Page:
In this blog, writer Nick Moss reviews two Mayfair exhibitions showcasing work by artists who could be considered ‘outside of the mainstream.’ In the post, he contemplates the implications of these displays and considers what we can learn from their curation and interpretation.
Two current Mayfair exhibitions appear to suggest that the Chinese wall between outsider art and the mainstream art world is beginning to crumble. We should perhaps then bear in mind that a Chinese wall is intended to protect the interests of both parties. Is what Jean Dubuffet characterised as a world of ‘competition, acclaim and social promotion’ the most suitable environment for encounters with art which is the antithesis of these? We can contend that what the art world hides behind its side of the wall is its exposure as an industry based on the commodification of artistic singularity, but we ought to consider whether preserving a space outside this might be a necessary strategy to maintain artistic autonomy at a distance from what Dubuffet called the art world’s ‘fallacious parade.’ Or can art produced ‘intuitively’ survive its incarnation in a mainstream gallery setting?
Ida Applebroog: Mercy Hospital
Hauser and Wirth (23 Savile Row London W1S 2ET) are showing Ida Applebroog’s Mercy Hospital drawings. In 1969, Applebroog was struggling with her mental health and chose to withdraw from day-to-day engagement with the world – the drawings helped negotiate her return. The Courtauld’s Jo Applin comments in the press release, “The Mercy Hospital drawings allowed her to draw herself back to life, back to herself, leading from catastrophic breakdown to a creative, personal and political breakthrough.” The work stands then as a record of psychological crisis, and is described as belonging “to the long history of art created at a moment of ‘breakdown’, a period very often linked with creative ‘breakthrough’.” While it is clear that the work does reflect a time of personal trauma, there is a danger that we are encouraged, as so often, to see the work solely in relation to this, and outside any aesthetic frame of reference – as if the art is no more than a crude clue to the artist’s psyche.
The Mercy Hospital drawings make use of a range of materials – black India ink, pencil, watercolour and pastel. Some are figurative, and depict bodies or partial figurative shapes and coils. Others are entirely abstract. Throughout, there runs a theme of shapes – seemingly intestinal or umbilical – curling protectively around other such forms. Some of the drawings have text inserted within – which far from simply illustrating “disorientation and isolation” as claimed, actually suggest that Appelbroog approached her circumstances with her sense of humour intact. “I’m just waiting for this to dry,” reads one inscription. One of the watercolours shows a group of figures standing in what appears to be a state of abjection, suggesting that withdrawal and isolation for Appelbroog was a positive choice. Other drawings have “Whoops! It’s that time again… bye,” in a scene where one shape seeks to feed from another. In a pastel sketch, a series of shapes appear to form a precarious tower. The writing reads:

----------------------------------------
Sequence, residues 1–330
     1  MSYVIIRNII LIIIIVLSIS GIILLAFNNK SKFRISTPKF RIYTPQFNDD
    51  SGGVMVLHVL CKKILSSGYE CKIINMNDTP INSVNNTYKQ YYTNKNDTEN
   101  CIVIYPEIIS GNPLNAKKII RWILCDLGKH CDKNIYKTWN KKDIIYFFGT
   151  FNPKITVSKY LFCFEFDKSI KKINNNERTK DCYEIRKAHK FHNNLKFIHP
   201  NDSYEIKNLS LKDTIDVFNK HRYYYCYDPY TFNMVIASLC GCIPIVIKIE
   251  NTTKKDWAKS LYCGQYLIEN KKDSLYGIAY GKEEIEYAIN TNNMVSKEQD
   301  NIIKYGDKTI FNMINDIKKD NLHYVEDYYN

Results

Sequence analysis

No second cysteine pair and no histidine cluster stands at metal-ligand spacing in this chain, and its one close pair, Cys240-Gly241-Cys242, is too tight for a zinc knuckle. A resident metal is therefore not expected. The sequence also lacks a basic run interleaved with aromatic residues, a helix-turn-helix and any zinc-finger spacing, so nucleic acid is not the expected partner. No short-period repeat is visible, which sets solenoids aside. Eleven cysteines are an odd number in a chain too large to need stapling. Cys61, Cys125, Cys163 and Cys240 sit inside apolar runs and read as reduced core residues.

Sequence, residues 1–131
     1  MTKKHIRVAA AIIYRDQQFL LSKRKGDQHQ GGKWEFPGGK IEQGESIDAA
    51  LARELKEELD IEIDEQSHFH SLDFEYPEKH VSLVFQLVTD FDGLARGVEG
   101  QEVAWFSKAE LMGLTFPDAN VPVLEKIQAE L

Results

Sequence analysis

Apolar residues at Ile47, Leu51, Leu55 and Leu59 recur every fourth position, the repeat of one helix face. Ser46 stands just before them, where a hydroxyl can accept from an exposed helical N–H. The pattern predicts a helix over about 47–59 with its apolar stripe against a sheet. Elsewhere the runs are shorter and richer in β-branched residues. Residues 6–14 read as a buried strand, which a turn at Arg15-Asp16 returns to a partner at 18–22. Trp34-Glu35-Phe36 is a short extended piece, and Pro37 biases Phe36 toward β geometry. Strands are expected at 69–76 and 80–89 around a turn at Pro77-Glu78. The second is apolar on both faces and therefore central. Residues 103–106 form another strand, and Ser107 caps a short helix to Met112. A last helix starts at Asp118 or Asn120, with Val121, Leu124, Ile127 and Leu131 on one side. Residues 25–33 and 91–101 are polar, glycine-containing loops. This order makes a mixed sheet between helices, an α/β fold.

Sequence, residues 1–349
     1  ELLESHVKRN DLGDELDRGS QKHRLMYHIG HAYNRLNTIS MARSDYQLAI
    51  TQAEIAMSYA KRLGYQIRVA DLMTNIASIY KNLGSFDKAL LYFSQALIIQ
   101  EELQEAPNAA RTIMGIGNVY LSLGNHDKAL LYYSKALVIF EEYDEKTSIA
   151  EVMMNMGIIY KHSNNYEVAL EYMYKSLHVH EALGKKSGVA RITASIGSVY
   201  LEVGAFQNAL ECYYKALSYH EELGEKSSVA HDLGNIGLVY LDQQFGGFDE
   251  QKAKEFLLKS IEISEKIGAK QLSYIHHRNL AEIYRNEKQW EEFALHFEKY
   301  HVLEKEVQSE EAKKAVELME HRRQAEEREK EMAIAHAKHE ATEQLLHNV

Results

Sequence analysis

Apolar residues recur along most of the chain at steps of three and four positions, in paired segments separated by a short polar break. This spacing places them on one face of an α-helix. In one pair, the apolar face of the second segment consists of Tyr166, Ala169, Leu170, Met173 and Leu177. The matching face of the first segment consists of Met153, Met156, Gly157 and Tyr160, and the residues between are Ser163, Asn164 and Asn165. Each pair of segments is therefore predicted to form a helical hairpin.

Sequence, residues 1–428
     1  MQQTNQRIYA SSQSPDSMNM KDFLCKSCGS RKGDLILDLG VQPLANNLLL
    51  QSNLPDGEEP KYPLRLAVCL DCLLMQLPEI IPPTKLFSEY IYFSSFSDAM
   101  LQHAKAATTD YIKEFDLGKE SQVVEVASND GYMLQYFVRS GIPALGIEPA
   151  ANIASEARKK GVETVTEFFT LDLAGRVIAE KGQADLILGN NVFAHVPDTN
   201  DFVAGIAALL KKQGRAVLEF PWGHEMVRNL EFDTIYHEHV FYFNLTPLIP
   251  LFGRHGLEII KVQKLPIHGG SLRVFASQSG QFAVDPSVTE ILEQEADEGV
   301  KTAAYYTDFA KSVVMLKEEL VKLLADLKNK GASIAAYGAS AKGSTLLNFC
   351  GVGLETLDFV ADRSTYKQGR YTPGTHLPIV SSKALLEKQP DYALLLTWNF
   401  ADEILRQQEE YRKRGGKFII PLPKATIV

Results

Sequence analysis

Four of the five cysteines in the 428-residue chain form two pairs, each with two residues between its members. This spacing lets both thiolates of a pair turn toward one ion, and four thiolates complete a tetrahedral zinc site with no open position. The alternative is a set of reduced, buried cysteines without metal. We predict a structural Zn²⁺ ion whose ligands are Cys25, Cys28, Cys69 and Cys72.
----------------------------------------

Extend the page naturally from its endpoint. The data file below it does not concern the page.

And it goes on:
For all they are the product of crisis, there is something comforting about the softness, the intertwining of the shapes in the drawings. Colours blend rather than jar, and the shapes, while seemingly evidencing the artist retreating into and starting to use her art to dissect the forms of her own body, demonstrate a sense of unending curiosity rather than body-horror. This is work that is both unflinching and beautiful.
Ida Applebroog’s Mercy Hospital drawings are on show until 29 July 2017
Susan Te Kahurangi King
Marlborough Contemporary (6 Albemarle Street London W1S 4BY) is showing a range of drawings, including early works, by Susan Te Kahurangi King. These are, simply, a joy. One of the things that strikes you immediately is the continuity of drafting skill and of imagery and characterisation from the work of her youth to now. Susan’s world – its themes and personalities – have been there from the start. The work is also reflexive. Figures appear armed with paints and giant crayons, commenting on the production of the work, and perhaps showing the artist mocking her own pretensions. This can also be a comedically malicious world – characters are bitten and have their tails pulled. Meanwhile, others happily eat ice lollies and dance.
One of the refreshing points to note in the Marlborough Contemporary presentation is that the work is simply shown as the work of one of the gallery’s artists, who happens to choose not to speak. The gallery has hosted a ‘Drawing with Susan’ event, an interactive silent group drawing session with the artist on-site. If so-called ‘outsider art’ is to receive the recognition its artists deserve, then both these exhibitions show ways in which the art can be curated respectfully and imaginatively without stigmatising the circumstances of its creation.
Susan Te Kahurangi King’s works are on show until 1 July 2017
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